India’s main opposition Congress party will pledge a one-time farm loan write off and focus on “have nots” in a bid to woo voters from Prime Minister Narendra Modi’s ruling group in elections due by May.
Congress President Rahul Gandhi has already promised a minimum income guarantee to the poor. His party is also considering a plan to provide income for landless farmers and agricultural workers, said M.V. Rajeev Gowda, a Wharton School doctorate in public policy who’s convener of the panel drafting the Congress’s manifesto. Congress will get more people to pay taxes and better target subsidies to help fund these payouts, he said.
The Congress, which won just 44 seats in 2014’s national vote versus Modi’s 282 sweep, is looking to leverage recent provincial election victories that came on the back of widening disenchantment over Modi’s policies on jobs and agriculture. The prime minister’s Bharatiya Janata Party isn’t far behind with the largesse: it used the interim budget this month to offer 750 billion rupees ($10.5 billion) as cash handouts to farmers.
“The election will be on BJP’s performances versus Congress’s promises,” said Mahesh Rangarajan, a professor at Ashoka University. “Hence, what Congress promises will be very crucial. They hope to promise something which sets them apart from the BJP in this era of economic reform.”
Modi dealt Gandhi’s Congress its worst ever defeat in 2014 after India’s rural wages collapsed amid a slowdown in the broader economy. However, incomes took another beating after Modi’s shock decision in 2016 to invalidate currency notes. More than 60 percent of Indians depend directly or indirectly on agriculture for their livelihood, while farm output contributes 16 percent to gross domestic product.
In a bid to soothe protesting farmers, Modi has increased India’s budget allocation for agriculture, started programs such as a health card to test soil quality, revamped crop-insurance with a low-cost premium and created a digital platform to connect farmers directly to customers. His government has also announced plans to ensure a 50 percent profit over the cost of production of crops and an annual income support plan for farmers.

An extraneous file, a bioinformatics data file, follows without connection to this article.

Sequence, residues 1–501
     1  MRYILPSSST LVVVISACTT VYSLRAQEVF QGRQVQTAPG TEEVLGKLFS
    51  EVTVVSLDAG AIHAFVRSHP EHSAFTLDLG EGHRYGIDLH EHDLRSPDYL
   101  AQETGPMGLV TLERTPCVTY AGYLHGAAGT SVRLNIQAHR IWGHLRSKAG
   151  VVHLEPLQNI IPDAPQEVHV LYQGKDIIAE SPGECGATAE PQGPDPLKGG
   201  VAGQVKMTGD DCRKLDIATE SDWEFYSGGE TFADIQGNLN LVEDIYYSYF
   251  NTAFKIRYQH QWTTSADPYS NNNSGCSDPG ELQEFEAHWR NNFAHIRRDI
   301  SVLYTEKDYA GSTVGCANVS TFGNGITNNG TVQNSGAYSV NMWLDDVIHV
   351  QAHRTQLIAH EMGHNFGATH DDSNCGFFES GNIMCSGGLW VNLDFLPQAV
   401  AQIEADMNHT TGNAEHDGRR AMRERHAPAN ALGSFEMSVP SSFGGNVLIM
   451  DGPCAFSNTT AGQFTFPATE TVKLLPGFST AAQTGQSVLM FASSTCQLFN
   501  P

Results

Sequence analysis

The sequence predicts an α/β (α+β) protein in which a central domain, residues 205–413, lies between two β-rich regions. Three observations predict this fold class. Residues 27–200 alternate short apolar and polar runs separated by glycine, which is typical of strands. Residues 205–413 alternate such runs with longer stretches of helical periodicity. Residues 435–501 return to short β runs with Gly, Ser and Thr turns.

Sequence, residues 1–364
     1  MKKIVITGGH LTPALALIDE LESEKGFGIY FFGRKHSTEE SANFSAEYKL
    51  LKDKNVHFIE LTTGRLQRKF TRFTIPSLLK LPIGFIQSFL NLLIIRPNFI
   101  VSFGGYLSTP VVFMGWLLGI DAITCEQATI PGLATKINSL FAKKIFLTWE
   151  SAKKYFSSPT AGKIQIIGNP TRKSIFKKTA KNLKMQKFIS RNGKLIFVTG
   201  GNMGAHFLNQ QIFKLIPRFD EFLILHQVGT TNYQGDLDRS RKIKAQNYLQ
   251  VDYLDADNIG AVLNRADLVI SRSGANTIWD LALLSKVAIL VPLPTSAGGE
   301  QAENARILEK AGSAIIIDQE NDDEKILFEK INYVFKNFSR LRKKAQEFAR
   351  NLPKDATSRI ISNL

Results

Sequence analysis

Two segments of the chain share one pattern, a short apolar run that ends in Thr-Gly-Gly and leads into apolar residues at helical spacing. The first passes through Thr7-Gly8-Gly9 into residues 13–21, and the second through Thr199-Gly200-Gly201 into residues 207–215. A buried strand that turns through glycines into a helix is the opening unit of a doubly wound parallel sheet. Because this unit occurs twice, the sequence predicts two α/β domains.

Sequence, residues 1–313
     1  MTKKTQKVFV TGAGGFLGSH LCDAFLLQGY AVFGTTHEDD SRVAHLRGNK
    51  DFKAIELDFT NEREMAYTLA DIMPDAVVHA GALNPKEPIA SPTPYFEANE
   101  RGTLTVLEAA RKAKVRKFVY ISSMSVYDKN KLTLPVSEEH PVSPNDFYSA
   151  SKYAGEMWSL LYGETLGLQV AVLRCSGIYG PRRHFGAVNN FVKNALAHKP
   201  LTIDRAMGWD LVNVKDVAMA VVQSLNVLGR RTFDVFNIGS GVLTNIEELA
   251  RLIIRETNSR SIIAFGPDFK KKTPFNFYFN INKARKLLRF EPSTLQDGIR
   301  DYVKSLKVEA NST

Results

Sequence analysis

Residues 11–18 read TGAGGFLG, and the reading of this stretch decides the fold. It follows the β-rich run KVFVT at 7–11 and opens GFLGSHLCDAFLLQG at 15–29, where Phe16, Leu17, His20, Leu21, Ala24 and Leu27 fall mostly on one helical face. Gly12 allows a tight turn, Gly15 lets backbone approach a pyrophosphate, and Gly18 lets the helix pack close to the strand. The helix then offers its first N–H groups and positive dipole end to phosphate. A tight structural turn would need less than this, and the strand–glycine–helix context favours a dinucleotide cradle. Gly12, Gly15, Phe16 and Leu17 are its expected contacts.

The plan to write off farm loans is a “one time measure to alleviate the distress caused by five years of neglect by the Modi government,” Gowda, 55, said in an interview in New Delhi. The party may also plan “structural changes” to help farmers boost their incomes by expanding agricultural infrastructure and value chains, he said.
A nationwide farm loan waiver by the Congress would be very significant, said Ashoka University’s Rangarajan. “Still, at this stage it is difficult to say whether it will work.”
The Congress party is targeting landless farmers and agricultural laborers, who are left out in Modi’s income support program. Congress ousted Modi’s party from three states in December by promising farm-loan waivers.
The party is trying to finish the draft of the manifesto by the end of February. It will also announce measures to spur startup companies, especially in newer and non-technology domains, said Gowda who, apart from a doctorate from the University of Pennsylvania’s Wharton School, also taught at one of India’s top business schools.
Congress has set up a 22-member panel to draft its manifesto and has held as many as 120 public meetings across the country to get inputs. It also received suggestions through email, WhatsApp and postings on its website, Gowda said.
The BJP has formed about a dozen panels to reach out to different groups of voters such as farmers, youth, women and minorities, said Mukhtar Abbas Naqvi, a federal minister and a member of the Hindu-nationalist party’s manifesto committee. More than 700 vehicles, decorated as chariots, have fanned out across the country to seek suggestions and ideas to include in the manifesto, he said.
Congress is also planning to give incentives and better credit facilities to small and medium businesses, said Gowda.
“Our overall thrust is constructive, compassionate and competitive,” he said. “We will look at expanding the tax net and rationalizing some subsidies to meet the additional expenditures for these promises.”